Vertigo (1958)

Not just one of Alfred Hitchcock's masterpieces, Vertigo (1958) is one of the best movies. This psychological thriller remains as controversial and unique as when it was first released, in part due to its themes of necrophilia and romantic obsession, unresolved plot discrepancies, off-putting plot twists, as well as Kim Novak's acting job–with some saying that it detracts from the film and others saying that it adds to its aura.

Adding to Vertigo's mystique was its unavailability for 25 years, after Hitchcock removed and four other films from circulation. I was fortunate to be present at a screening in 1984, just after Universal purchased the rights from the Hitchcock estate to the “Five Missing Hitchcocks.” In fact, I first saw Vertigo in an auditorium at American University, where I was earning my bachelor's degree. Having no idea about the plot in advance, on a large screen, with several hundred other people made for ideal viewing. It also helped that I was an 18-year-old burgeoning movie buff. I was mesmerized, manipulated, and truly shocked at the infamous plot twists, especially the biggie half way through. I'm sure I gasped.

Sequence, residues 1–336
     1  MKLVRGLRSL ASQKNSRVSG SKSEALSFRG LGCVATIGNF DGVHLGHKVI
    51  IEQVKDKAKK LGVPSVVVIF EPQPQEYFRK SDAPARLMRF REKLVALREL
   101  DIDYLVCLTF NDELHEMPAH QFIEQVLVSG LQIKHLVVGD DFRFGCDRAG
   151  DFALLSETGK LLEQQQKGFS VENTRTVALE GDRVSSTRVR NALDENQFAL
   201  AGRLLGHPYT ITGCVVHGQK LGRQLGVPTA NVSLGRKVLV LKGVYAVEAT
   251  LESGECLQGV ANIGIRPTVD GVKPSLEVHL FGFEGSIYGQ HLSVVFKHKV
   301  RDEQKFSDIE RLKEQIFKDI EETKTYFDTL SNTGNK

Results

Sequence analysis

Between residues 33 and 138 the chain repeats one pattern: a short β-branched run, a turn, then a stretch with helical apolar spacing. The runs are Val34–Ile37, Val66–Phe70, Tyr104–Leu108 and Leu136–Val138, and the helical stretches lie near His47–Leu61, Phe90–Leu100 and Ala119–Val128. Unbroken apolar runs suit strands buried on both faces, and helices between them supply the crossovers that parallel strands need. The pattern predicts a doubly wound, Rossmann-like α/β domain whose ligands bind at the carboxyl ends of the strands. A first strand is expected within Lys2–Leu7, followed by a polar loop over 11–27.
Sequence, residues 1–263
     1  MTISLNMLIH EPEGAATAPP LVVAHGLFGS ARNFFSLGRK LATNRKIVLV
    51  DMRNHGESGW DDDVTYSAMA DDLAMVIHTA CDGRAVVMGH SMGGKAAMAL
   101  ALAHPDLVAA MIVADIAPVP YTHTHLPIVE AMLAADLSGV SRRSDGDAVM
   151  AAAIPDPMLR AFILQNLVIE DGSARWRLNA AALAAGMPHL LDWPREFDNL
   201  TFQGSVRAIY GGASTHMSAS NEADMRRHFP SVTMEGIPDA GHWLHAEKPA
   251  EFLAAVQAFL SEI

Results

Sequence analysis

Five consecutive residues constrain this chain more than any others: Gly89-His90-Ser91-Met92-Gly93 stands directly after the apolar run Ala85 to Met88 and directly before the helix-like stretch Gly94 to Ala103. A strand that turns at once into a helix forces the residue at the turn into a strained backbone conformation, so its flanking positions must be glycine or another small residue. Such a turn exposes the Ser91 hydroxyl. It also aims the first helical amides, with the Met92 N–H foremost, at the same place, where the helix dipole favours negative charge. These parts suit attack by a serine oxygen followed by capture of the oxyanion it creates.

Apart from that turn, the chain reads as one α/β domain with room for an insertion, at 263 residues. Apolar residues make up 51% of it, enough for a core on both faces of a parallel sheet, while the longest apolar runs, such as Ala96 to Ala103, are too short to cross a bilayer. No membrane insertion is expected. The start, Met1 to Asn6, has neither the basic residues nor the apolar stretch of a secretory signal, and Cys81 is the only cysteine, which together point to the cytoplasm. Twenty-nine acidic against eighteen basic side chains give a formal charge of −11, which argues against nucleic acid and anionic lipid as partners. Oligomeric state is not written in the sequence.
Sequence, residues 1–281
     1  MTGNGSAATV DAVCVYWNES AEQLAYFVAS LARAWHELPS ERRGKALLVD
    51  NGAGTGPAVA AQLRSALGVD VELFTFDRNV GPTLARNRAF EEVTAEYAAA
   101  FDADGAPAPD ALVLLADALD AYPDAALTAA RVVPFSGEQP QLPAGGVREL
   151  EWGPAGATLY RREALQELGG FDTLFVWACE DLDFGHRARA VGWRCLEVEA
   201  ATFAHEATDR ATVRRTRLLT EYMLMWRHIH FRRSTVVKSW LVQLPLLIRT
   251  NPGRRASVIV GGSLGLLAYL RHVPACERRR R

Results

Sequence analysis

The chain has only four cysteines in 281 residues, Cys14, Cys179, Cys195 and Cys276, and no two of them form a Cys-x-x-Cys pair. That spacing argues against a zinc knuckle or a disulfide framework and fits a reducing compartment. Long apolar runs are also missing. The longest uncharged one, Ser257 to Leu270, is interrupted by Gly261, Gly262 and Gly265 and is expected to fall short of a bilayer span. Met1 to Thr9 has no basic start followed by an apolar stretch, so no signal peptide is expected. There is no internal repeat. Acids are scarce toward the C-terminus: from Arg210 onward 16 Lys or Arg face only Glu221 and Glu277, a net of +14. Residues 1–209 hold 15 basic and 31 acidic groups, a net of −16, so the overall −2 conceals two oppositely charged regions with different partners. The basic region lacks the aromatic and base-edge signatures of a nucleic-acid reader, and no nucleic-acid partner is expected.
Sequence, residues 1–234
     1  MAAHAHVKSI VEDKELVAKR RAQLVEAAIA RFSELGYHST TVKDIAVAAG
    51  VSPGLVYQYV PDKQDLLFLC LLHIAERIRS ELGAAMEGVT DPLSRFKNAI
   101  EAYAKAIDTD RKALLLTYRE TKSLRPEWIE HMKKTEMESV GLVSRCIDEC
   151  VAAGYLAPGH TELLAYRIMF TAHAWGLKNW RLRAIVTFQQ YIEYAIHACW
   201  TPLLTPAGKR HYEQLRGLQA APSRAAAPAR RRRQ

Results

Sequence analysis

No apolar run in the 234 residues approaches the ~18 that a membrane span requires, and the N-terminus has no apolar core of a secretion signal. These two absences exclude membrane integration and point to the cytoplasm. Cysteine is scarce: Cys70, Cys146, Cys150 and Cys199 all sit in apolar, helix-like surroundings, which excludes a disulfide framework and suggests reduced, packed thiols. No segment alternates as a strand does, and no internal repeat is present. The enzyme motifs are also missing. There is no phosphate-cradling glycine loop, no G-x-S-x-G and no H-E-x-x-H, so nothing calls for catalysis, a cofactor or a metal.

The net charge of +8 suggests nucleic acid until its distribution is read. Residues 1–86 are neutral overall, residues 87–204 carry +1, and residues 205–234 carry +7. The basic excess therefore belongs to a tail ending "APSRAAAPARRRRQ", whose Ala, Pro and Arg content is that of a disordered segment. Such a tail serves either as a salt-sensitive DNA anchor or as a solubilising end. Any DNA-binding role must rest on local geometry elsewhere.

I was definitely hooked. Over the past 25 years, I've seen Vertigo repeatedly, in theaters and dens. It's one of my favorite Hitchcocks (Rear Window being the other) and favorite movies overall. I cherish each scene and moment with each viewing, never tiring of the perfection crafted by all involved in making what is arguably one of the ten finest American films.



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